It's the beginning of spring break, and we're heading south. That's all we know.

Our family is greatly anticipating what may be our last road trip for a long, long time. There's a lot of excitement in our house right now as we are shifting into a whole new phase for each of us.

My husband is launching a new business. I am writing a book. Our 17-year-old daughter is preparing for college in Nova Scotia in September. Our 16-year-old daughter is heading to Brazil for a year-long Rotary Exchange in July. Our 14-year-old daughter is playing a sport for the first time in her life. Our 13-year-old daughter is considering transferring to an arts magnet school in order to immerse herself in her passion—dance.

This is the end of an era. In a few months, we will never have all four of them living at home again. The next year will bring all kinds of changes, and we feel we need to grab this chance to hit the road together in our trusty, dusty minivan.

It's time for our favorite kind of vacation—the make-it-up-as-you-go meander through undiscovered (to us, anyway) territory. We'll get up really early, jump in the van, and just go. No reservations. No schedule. No destination in mind.

We love this no-goal travel. We learned years ago that the happiest times we spend together are those in which we are free to experience each moment as it comes without planning the next.

Back in 1998, we decided in one day to pack up the kids and take off to India and Nepal for three months. It's not as though we simply quit our jobs and left. That would have been far easier.

We had plenty of responsibilities—we owned two small retail businesses, an import/export company, an old commercial building with a leaky roof, and a house we had just finished remodeling.

We felt restless and ready for adventure, and making the choice to go was instantaneous and unanimous.

We sold one business, liquidated another, put the third in a coma. We found someone to take care of the leaky roof, and another to stay in our house. We yanked the kids out of school and within six weeks of making our decision boarded a plane—six excited travelers carrying six small backpacks.

The girls were 7, 8, 10 and 11. People thought we were insane.

The first two months we spent in India visiting the former host families my husband had lived with during his own Rotary Exchange when he was 16. The third month we had reserved for Nepal. We planned to fly into Kathmandu and spend four weeks on our own. We had no agenda, no reservations, no contacts. We weren't the least bit concerned about it.

From the very first day, it was clear this was going to be a really special experience for our family. We found a clean, friendly hotel, the Red Planet, with a room big enough for six of us. It was $15 a night. Our window faced the rear of a nightclub, and we giggled ourselves to sleep as Pink Floyd and Michael Jackson were blasted from the speakers outside. One of our daughters became quite adept at unclogging the toilet and bathtub drain.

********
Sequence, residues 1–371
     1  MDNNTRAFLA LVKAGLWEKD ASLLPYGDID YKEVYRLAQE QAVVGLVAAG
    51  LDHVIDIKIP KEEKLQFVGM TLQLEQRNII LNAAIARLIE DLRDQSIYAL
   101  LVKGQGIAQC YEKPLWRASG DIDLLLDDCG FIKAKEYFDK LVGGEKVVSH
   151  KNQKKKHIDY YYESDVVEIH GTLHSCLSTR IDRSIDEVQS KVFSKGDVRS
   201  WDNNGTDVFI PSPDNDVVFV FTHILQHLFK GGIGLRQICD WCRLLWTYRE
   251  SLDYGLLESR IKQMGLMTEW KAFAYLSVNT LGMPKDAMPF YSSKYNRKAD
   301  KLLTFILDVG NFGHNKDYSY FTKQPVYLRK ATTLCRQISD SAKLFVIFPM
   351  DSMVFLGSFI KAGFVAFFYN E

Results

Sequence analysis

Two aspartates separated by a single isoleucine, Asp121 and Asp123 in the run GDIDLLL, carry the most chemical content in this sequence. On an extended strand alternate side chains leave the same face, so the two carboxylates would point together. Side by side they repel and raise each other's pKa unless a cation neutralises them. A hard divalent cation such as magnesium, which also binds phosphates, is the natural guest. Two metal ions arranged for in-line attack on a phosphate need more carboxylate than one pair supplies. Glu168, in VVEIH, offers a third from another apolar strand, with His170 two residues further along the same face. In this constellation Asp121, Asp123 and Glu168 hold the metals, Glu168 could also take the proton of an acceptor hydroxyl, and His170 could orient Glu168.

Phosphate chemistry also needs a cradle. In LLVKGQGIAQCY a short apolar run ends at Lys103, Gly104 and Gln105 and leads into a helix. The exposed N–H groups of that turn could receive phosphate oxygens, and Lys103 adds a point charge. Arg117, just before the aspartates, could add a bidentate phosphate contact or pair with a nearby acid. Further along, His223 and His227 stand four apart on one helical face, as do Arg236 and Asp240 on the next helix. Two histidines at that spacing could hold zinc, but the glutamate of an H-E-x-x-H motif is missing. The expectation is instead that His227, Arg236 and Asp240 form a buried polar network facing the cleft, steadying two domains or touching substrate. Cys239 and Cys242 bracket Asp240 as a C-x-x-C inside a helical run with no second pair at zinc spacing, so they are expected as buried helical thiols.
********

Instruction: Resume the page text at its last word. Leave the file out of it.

We wandered the curving streets, marveling at the sights and sounds. Each meal was an adventure as we made it a point to invite single diners to join us. We met fascinating people of all ages from around the world.

Highlights include dashing into a tiny Italian restaurant during our first two hours in Kathmandu as we were caught in a torrential downpour—our first rain since leaving Oregon. A hilarious but fairly sleepless night sharing a tea house room with rats. Children, especially young boys, trailing us everywhere we trekked. Breakfast on our roof with a breathtaking view of the Annapurnas. Ducking to avoid spider webs dripping with dew while riding elephants in the early morning. Exploring richly scented temples. Spontaneous dancing in the streets.

We have never, ever laughed more than we did on that trip. I had to use an asthma inhaler—not for any allergies, but because I laughed so hard that I started wheezing! Every single day was full of absolute joy and discovery. It didn't matter in the slightest what we were doing. We were together, we were exploring, and we were having the time of our lives.

Granted, a road trip to southern Oregon isn't nearly as exotic. Still, what we learned in Nepal is the magic of being in the moment. Our kids discovered the power of being present and open to whatever the day may bring.

It's a priceless lesson we feel fortunate to have learned early. That trip was a gift that keeps on giving. It provided a shining example of true mindfulness for our growing daughters.

We're heading south. Our intention? To be together. To explore. And to laugh our heads off.

I'll bring my inhaler.

Author's Bio: 

Maya Talisman Frost is a mind masseuse. Her work has inspired thinkers in over 80 countries. She serves up a satisfying blend of clarity, comfort and comic relief in her free weekly ezine, the Friday Mind Massage. To subscribe, visit